In 1821, Mexico was being divided amongst various territories, and the locals were to finally get to rule themselves away from the Spaniards who had been clamping down on their potential for revolution; one of those men in control was Don Rafael Montero (Stuart Wilson), who just as the handover was about to be completed was set to put three peasants to death to set an example of them to anyone who dared to rise up against their masters. But he did not count on those peasants having a champion, the mysterious Zorro, who he did not know was the nobleman Don Diego de la Vega (Anthony Hopkins), and had been leading a bid for freedom against the tyranny for some years. But all that was set to change dramatically…
Zorro was a character created by Johnston McCulley decades before this blockbuster was released – he was an inspiration for Bob Kane’s Batman comics to give you some idea of how influential he was – and had made regular visits to the big screen since the silent days, most memorably in the Douglas Fairbanks megahit of the nineteen-twenties, and later in the forties where he was played by Tyrone Power. One aspect that was compulsory was that he be played by a dashing leading man, and those two assuredly fit that bill, but when it was time to revive the hero in the nineties after some time trying, professional handsome gentleman Antonio Banderas was the obvious choice seeing as how his international standing had risen dramatically over then-recent years.
He was a star in search of a big role, a popular movie that could cement his reputation as Spain’s most major film celebrity, and he was rewarded in this hot blooded version of the familiar tale which emphasised Zorro’s barely repressed temperament as he plays the nobleman as a disguise, but is actually the man of derring-do underneath the black mask when he takes on the evildoers’ forces. But wasn’t Hopkins the world’s least convincing Mexican? Ah, no, because he is imprisoned by Montero after about twenty minutes of screen time that has seen his wife killed and his infant daughter Elena (who will grow up to be Catherine Zeta-Jones) adopted by his arch-enemy as his own offspring. The injustice!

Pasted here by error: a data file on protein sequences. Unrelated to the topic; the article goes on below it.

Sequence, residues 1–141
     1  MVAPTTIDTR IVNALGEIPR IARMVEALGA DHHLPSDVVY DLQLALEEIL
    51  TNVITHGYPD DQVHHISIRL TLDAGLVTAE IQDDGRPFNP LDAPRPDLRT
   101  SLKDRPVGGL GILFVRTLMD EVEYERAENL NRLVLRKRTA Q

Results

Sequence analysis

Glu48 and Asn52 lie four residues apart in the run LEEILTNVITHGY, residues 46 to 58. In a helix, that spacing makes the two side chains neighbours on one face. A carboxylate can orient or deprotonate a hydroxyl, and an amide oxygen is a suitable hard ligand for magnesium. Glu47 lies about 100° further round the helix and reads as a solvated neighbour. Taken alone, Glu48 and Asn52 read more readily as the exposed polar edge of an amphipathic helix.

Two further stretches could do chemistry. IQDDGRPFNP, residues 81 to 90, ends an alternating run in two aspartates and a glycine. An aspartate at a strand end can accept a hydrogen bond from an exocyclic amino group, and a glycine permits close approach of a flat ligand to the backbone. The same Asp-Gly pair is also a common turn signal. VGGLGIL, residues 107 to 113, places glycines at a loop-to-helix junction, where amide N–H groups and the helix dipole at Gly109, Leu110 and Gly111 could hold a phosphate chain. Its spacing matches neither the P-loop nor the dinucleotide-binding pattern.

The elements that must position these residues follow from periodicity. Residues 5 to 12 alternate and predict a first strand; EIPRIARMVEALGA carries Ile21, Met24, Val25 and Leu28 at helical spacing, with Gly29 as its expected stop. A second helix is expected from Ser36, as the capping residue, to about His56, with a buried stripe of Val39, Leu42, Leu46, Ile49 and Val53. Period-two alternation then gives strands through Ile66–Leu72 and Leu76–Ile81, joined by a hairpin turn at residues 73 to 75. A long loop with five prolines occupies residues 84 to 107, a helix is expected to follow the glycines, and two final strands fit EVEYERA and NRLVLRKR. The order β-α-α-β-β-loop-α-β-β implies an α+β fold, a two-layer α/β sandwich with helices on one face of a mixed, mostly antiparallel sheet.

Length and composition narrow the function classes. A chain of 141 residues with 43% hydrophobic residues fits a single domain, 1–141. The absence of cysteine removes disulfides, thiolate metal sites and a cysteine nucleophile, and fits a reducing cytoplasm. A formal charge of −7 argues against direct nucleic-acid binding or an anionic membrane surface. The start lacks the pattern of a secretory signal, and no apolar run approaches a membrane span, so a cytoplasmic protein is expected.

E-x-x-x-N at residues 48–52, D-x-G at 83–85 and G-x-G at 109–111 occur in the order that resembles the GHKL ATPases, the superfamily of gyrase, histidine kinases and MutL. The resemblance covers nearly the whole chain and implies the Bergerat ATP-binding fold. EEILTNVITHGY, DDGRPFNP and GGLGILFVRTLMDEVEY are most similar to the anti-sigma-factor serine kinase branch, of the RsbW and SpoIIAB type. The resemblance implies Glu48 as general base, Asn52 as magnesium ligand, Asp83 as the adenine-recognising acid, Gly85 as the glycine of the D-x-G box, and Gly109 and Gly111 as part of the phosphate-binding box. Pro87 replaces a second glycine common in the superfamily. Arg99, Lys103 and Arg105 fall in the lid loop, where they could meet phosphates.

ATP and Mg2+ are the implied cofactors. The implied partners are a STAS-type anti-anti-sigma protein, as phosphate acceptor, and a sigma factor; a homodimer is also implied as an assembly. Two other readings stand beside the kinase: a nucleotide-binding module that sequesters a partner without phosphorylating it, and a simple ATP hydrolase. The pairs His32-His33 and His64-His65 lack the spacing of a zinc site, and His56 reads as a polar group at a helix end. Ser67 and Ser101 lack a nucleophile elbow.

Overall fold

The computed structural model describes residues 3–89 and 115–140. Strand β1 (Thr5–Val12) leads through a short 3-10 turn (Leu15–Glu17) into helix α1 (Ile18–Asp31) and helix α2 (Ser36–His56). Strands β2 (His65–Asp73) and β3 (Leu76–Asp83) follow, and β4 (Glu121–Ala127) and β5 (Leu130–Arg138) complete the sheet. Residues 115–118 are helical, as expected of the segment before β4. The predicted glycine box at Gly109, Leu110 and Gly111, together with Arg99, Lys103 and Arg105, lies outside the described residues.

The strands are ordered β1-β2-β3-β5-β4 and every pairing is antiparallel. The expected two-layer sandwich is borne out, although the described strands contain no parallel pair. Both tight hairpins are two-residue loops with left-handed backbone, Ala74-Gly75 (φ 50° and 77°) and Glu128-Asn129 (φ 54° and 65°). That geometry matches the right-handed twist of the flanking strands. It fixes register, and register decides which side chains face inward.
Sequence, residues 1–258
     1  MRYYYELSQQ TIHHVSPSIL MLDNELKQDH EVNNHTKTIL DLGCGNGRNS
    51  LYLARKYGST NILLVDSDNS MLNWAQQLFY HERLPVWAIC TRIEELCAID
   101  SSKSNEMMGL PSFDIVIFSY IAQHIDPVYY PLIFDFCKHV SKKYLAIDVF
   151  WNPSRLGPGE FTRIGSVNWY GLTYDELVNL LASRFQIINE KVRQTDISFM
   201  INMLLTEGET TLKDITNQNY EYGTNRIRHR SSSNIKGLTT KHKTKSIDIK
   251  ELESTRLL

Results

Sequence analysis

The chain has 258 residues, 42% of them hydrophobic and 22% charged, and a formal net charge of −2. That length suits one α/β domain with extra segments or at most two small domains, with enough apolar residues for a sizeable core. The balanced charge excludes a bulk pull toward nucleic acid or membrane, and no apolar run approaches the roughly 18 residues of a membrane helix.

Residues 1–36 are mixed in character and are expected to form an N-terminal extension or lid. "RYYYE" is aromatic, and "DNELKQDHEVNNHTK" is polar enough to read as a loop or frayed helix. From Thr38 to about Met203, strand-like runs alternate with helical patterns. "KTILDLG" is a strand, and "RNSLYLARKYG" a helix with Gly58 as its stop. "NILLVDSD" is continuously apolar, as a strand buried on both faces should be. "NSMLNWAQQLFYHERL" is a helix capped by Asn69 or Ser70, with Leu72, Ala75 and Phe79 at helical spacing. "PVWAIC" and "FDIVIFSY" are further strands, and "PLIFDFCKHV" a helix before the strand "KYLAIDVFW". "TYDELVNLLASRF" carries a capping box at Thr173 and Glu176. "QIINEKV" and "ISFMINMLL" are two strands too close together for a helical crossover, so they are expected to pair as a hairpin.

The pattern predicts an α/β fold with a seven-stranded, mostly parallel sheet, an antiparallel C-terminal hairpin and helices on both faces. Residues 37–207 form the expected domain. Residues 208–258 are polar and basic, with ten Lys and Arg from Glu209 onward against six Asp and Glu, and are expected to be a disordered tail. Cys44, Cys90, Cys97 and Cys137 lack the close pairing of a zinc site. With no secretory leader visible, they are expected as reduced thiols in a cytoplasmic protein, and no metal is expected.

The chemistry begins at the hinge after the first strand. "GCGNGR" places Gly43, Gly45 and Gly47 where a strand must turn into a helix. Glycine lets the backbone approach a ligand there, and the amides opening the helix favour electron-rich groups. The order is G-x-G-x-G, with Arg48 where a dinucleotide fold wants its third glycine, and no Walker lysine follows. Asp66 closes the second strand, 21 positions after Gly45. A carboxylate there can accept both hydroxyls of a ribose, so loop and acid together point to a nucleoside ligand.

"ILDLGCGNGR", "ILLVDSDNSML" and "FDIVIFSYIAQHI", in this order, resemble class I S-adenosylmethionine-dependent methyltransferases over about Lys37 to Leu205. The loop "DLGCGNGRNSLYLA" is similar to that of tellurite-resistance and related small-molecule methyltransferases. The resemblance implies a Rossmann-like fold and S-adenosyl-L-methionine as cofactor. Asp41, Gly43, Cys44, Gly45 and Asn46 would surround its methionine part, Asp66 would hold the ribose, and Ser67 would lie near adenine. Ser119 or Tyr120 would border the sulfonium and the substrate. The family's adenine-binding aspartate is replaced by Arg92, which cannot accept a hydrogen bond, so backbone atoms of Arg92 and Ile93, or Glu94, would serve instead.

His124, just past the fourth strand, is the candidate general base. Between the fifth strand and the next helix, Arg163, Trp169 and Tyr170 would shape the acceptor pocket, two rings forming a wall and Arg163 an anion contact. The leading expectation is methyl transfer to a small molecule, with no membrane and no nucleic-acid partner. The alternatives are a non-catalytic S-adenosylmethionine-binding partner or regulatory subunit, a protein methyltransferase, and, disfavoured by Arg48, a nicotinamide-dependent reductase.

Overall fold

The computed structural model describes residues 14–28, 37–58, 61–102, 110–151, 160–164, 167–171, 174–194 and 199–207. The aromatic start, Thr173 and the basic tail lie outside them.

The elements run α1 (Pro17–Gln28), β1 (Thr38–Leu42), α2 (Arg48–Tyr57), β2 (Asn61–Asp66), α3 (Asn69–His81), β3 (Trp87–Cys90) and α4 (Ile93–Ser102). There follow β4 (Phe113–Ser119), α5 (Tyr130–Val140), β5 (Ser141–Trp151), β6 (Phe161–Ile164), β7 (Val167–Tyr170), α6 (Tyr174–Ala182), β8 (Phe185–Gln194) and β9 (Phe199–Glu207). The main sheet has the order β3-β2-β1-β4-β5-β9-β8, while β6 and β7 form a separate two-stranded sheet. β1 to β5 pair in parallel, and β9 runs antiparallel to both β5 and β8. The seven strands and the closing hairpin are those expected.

However, we move two decades on, Don Diego escapes the hellhole he’s been chained up in and does a bit of adoption of his own, taking on Banderas’ common thief Alejandro as his protégé, much as a martial arts movie from Hong Kong would have the wise old mentor teaching the upstart in the ways of his craft. In this case, Alejandro received the full hero package, from the swordplay (this was one of the better tries from the nineties at reviving the swashbuckler) to the horse riding to the charm school coaching that a traditional adventure protagonist really needed to be someone we in the audience could look up to. That faith in tradition was both the strength of The Mask of Zorro and its drawback, for there was a difference in paying respects to what had gone before and simply reheating the clichés.
You could accuse this Zorro of not doing very much that the previous incarnations did other than increasing the scale, but with that in mind it was of worth when it was one of the last big budget movies to make a virtue of its lack of computer graphics to stage its action: what we saw were genuine stunts and setpieces performed quite often by Banderas himself, so keen was he to stick to the authenticity of the work. It also meant this Zorro was the most successful Western of the nineties unless you counted Dances with Wolves, though this paid tribute, once again, by casting L.Q. Jones in a small but showy role to wink to the fans of the genre that this was the real deal as far as its stylings went. Banderas and Jones were a spirited couple, their courtship akin to hand to hand combat, literally in one scene, and the class dimensions of the script were not ignored, more made the heart of the story when it was the poor Zorro was sworn to protect, and he certainly did that come the final confrontation with Montero’s hissable sidekick Captain Love (Matt Letscher). Maybe it was a little by the numbers, but its folkloric quality was engaging. Music by James Horner.